“Acoustic Eidolon’s holiday show is a beloved tradition at the Rialto,” said Steve Lemmon, Rialto Theater manager. “With the move to Level 4, we obviously had to cancel most of our December programming, which is heartbreaking as this is our busiest time of year.”

The venue has invested in state-of-the-art tools to best deliver virtual entertainment.

“We recently purchased, with the help of our non-profit partner, Backstage Rialto, all the equipment needed to support this kind of programming,” Lemmon said. “Even though there won’t be a live audience, you can still expect all the virtuosity and well-crafted songs that this group brings to the stage each time they perform.”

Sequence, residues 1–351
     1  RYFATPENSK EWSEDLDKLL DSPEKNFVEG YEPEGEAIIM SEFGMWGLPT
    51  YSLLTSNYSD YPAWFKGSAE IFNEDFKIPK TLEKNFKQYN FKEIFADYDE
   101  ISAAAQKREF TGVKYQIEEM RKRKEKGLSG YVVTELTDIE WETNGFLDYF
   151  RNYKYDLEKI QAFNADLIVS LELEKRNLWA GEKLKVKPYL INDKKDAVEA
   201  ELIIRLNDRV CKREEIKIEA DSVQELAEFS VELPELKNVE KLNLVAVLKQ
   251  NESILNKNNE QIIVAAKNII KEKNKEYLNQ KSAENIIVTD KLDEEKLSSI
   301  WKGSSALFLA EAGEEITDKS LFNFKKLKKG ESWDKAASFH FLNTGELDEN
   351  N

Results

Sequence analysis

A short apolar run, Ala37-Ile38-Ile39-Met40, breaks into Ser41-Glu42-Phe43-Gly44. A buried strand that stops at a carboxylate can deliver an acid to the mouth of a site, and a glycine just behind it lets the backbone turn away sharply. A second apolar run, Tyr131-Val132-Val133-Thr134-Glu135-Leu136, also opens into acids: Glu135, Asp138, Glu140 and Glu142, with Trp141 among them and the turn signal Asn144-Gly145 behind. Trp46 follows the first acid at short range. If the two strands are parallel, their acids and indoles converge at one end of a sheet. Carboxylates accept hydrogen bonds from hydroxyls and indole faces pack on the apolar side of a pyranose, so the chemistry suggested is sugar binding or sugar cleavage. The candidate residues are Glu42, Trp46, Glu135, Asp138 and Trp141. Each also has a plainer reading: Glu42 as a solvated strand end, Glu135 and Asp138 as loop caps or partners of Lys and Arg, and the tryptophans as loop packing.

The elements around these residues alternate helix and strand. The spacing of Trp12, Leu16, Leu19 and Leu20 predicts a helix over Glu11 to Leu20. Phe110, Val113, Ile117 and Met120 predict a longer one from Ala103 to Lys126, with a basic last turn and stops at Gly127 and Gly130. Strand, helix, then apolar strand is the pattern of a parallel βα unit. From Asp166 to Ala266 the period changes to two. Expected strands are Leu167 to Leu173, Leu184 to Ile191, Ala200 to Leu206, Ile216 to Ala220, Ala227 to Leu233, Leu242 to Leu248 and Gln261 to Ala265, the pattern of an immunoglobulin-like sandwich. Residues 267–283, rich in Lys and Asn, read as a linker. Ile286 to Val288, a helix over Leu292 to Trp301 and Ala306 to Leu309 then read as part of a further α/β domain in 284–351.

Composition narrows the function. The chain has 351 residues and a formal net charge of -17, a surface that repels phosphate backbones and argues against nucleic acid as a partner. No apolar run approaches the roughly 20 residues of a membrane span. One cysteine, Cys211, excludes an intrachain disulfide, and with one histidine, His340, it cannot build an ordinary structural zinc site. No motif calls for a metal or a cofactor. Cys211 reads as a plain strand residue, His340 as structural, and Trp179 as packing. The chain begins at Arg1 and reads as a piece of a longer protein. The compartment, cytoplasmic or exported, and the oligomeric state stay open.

It’s Lemmon’s goal to offer more online concerts for however long the pandemic-related restrictions prevent The Rialto from opening its doors.

“The Rialto is moving through all the necessary steps of dealing with the recently announced closure,” Lemmon said. “This includes rescheduling and refunding a full schedule of events. It is our hope to fill dates in December with virtual content from a host of national and regional acts. We are also looking at ways to produce concerts from our stage using our live-streaming equipment to its fullest capacity.”

While theater seats will not be filled this month, patrons can help the center by giving contributions.

“The best way that people can support the Rialto is to watch our virtual programming and donate, if means allow, to the theater and the musical acts we are presenting,” Lemmon said. “This pandemic is devastating to the entire performing arts community, so every dollar counts.”

Monetary gifts can be made directly to backstagerialto.com.

“Every dollar donated will be used to further and support performing arts in our community,” Lemmon said.